Michel was certainly not the only world leader who made learning how to deal with Trump a priority this year. Among the lessons were “the art of the super-awkward handshake.” What appeared to horrify most world leaders was Trump's tendency to forcefully pull his counterparts closer toward himself during his handshakes, even though psychologists remained uncertain whether the habit was a conscious decision.
World leaders soon began to notice — and adapt.
When French President Emmanuel Macron met Trump in May, what followed was an unusually prolonged white-knuckle handshake. “My handshake with him — it wasn’t innocent,” Macron in a subsequent interview. “It’s not the be-all and the end-all of a policy, but it was a moment of truth.”
“That’s how you ensure you are respected. You have to show you won’t make small concessions — not even symbolic ones,” Macron said.
Meanwhile, Merkel had the opposite problem when she met the president in the Oval Office in March. A visibly unenthusiastic Trump — deliberately or accidentally — ignored calls to shake Merkel’s hands. The wider context of that scene wasn’t lost on anyone present. Trump had previously called Merkel a “catastrophic leader” and the “person who is ruining Germany.”
Merkel had intensely prepared for her meeting with Trump, according to German media reports at the time. The German leader reportedly read a number of interviews with the president to study his thoughts and world view, including an interview he gave to Playboy magazine in 1990.
Merkel had deployed the same technique earlier during her 12-year leadership whenever she sensed troubles. When Nicolas Sarkozy became French president in 2007, Merkel reportedly watched movies featuring French actor Louis de Funès. The actor was known on screen for his impatience and exaggerated exclamations — characteristics the German chancellor believed Sarkozy to have, as well.
While Merkel had a chilling reception from Trump, British Prime Minister Theresa May had to cope with the opposite. Trump and May awkwardly grasped hands in January during a brief stroll. Many observers believed that May was forced to play nice given that the country is now set to leave the European Union and relies on the United States more than almost ever before.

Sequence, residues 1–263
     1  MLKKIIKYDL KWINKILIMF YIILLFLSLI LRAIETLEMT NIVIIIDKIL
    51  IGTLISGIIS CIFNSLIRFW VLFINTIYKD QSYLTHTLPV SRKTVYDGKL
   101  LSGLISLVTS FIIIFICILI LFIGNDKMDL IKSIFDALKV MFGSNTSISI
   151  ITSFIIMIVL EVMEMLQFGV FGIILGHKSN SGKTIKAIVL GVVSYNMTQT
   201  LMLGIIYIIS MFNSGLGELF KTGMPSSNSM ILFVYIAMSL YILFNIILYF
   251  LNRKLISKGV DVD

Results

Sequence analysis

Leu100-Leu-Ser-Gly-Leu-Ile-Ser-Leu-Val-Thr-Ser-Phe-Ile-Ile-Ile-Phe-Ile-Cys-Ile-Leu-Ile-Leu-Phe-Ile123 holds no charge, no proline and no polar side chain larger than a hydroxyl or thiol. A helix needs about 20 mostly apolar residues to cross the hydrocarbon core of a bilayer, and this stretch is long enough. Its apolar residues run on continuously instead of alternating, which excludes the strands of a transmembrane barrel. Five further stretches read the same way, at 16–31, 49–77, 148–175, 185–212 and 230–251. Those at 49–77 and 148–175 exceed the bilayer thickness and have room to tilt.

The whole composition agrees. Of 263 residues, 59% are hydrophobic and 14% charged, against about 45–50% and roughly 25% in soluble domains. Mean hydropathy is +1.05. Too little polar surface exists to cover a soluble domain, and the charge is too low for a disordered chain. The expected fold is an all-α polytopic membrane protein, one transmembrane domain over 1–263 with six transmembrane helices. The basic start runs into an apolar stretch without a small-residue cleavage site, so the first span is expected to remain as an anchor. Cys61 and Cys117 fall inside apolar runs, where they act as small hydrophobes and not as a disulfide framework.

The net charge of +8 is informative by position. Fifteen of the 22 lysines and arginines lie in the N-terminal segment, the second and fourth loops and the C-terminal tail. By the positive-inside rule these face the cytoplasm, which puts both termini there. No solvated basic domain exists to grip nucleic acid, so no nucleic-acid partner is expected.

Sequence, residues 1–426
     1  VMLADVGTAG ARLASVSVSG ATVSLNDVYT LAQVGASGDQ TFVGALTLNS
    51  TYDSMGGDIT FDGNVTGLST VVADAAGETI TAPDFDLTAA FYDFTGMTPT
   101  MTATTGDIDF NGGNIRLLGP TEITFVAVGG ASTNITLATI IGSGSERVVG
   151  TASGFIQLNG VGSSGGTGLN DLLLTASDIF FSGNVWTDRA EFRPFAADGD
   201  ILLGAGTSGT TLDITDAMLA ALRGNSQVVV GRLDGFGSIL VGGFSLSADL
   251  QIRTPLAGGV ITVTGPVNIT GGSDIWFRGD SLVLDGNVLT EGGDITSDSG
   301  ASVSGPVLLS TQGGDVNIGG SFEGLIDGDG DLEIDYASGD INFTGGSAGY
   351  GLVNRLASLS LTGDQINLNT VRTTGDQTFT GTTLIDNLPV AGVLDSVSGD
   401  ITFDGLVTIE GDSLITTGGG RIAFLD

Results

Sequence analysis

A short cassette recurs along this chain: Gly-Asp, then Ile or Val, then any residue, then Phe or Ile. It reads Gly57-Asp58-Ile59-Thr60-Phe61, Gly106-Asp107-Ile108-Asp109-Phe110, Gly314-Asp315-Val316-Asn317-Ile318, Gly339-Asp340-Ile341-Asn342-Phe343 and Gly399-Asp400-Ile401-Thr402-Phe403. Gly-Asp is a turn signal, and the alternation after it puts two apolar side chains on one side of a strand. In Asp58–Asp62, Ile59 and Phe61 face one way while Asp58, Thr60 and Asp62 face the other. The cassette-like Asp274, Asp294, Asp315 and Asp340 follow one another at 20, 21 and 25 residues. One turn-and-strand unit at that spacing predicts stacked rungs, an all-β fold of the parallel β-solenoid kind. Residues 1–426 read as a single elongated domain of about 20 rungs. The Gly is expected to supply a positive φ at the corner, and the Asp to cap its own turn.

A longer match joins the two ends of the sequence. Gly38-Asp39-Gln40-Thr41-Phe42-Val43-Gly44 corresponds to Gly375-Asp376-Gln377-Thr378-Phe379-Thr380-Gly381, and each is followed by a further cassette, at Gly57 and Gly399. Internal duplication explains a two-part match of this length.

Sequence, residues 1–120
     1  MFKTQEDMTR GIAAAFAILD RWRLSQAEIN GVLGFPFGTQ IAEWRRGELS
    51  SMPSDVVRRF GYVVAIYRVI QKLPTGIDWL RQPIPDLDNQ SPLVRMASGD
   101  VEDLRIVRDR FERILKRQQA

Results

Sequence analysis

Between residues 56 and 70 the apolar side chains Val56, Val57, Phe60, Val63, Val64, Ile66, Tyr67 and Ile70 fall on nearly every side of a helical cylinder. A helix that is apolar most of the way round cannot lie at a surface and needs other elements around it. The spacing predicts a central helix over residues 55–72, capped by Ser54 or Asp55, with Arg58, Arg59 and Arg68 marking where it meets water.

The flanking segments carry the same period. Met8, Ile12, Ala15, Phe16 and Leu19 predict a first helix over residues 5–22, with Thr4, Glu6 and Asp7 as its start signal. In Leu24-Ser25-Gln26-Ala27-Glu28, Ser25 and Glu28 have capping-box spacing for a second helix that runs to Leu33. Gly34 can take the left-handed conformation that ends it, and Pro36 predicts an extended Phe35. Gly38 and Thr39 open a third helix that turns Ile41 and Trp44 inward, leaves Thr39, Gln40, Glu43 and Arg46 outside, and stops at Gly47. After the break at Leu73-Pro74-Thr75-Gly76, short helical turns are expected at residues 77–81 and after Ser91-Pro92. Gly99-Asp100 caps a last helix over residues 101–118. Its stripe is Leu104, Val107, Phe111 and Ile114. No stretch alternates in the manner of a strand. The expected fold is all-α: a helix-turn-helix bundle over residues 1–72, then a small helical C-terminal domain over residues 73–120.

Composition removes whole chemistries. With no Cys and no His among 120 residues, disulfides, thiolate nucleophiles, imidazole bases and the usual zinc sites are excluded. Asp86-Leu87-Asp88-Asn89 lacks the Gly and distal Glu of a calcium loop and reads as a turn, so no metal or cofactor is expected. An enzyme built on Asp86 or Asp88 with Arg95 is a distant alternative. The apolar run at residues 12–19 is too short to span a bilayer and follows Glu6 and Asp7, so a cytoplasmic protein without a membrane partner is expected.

But the so-called special Anglo-American relationship hit a rough patch in November after Trump retweeted several anti-Muslim and anti-immigrant videos promoted by a British far-right group. Downing Street later said that it was “wrong for the president to have done this” and it remains unclear whether Trump's state visit to Britain will ever take place.
Meanwhile, in New Zealand, newly elected leader Jacinda Ardern announced during the election campaign that she would try to handle Trump like a “diplomat” to prevent an escalation of tensions.
“Despite us coming from different parts of the political spectrum, that is not new for world leaders and I have to respect democracy and the people who’ve chosen their leader in the United States,” Ardern said back then.
But when the two first met in November, those intentions quickly derailed after she heard Trump saying about her: “This lady caused a lot of upset in her country,” according to the prime minister’s account of the conversation. (Ardern said that she responded by saying: “You know, no one marched when I was elected.”)
Despite initial disagreements, Trump appears to have found more common ground with many male world leaders.
He watched a military parade with Macron, praised Canada’s Justin Trudeau for “doing a spectacular job” and bonded with the Philippines’ Rodrigo Duterte, who sang a love song for Trump during the president’s visit. It came even as Trump's critics blasted the president for cozying up to Duterte, who is accused of widespread rights abuses as part of anti-crime crackdowns.
And then there’s Trump's well known admiration for Russia's Vladimir Putin. All eyes, of course, are on that as 2018 unfolds.